Recently I’ve run across two blogs that are great examples of how companies can build stronger relationships with their customers.
Southwest Airlines has just launced its blog after doing quite a bit of research. They appear to have gotten off on the right foot. They encourage comments, they use multiple guest authors and those authors follow up later to answer questions posed in the comments. They don’t offer trackbacks which, I suspect, they figure would distract people away from their own brand. (Hmmm. They may be onto something.) I’ve noticed one complaint from a blogger which they left alone. So they’re not afraid of critical remarks.
The next blog is about a journal produced by an Italian company called Modo & Modo. The journal is called a Moleskine.
The Moleskine, named for its oilcloth cover, gained cult status
after its relaunch in 1998 by Mario Beruzzi.
Last year, his company Modo & Modo sold 4.5m notebooks across
the world, half of them in the United States. The company, with a staff of 13,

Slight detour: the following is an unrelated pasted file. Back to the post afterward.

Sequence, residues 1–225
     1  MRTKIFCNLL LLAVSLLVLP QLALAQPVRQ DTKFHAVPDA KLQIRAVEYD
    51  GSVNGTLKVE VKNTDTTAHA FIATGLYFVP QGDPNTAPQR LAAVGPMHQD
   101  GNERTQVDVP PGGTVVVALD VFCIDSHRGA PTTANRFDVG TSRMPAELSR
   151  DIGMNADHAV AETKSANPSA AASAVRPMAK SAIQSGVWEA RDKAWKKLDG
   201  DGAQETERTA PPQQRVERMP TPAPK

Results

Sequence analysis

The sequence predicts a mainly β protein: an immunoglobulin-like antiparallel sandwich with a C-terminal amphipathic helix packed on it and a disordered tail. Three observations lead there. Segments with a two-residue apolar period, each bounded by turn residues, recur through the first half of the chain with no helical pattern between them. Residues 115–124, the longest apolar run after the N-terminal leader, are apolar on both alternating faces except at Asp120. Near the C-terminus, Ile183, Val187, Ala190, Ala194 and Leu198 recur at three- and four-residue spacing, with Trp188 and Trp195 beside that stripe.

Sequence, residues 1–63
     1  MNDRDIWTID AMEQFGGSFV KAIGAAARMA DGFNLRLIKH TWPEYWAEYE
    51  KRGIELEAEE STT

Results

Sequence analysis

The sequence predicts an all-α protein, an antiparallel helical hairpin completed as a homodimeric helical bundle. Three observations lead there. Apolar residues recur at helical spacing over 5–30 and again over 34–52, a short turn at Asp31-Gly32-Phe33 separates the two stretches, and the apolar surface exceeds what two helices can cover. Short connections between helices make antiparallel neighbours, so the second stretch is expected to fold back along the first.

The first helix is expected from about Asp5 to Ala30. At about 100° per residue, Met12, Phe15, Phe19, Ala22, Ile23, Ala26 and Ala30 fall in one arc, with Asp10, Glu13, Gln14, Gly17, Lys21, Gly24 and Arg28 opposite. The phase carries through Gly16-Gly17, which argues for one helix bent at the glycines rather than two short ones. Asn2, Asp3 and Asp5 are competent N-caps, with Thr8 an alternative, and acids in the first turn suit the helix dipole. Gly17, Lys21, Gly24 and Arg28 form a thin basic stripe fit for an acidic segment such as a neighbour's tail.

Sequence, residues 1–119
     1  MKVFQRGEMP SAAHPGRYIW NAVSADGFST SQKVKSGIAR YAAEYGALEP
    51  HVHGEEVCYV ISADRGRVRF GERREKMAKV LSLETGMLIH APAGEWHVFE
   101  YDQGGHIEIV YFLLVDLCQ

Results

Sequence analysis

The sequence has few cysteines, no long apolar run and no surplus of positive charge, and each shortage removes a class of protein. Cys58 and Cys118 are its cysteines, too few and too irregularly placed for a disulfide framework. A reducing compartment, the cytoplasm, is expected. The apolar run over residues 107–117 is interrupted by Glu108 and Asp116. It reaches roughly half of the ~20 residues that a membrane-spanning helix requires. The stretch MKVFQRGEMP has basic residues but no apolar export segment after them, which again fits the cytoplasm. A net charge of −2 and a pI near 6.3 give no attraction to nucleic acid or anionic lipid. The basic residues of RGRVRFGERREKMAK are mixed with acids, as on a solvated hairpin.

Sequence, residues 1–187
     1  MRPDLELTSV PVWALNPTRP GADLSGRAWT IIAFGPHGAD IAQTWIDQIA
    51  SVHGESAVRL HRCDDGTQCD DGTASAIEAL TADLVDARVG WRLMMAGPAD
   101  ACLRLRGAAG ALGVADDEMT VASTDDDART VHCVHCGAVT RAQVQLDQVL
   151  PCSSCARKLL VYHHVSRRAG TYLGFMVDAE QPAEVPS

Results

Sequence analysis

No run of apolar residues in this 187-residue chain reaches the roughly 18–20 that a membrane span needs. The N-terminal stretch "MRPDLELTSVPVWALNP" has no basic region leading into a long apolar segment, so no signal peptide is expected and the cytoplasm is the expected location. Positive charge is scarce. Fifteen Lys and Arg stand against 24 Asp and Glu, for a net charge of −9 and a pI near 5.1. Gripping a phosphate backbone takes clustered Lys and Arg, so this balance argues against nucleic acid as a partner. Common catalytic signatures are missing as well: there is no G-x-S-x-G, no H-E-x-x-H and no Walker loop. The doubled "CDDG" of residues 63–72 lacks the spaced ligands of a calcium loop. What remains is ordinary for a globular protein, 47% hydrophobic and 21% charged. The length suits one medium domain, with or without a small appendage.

had turnover of €12.7m (£9.1m) last year and profits of more than €2m. In the UK
its classic notebook sells for upwards of £7.
They produce several kinds and sizes of bound leather journals, some lined, some blank for use as sketchbooks, and some with grids. They also produce smaller calendars. If you look at the journal it looks like any other, but people are passionate about Moleskine.
Notice that the blog was set up by customers, not by the company itself. Much later the company has provided some support.
(If you want to see what a Moleskine looks like, I use their lined journal. It’s great for taking notes, it’s small and it boots up much faster than my laptop. But the handwriting recognition leaves much to be desired.-)
We have the opportunity to create communities of passionate constituents. Blogs help to facilitate that and allows them to stay in touch.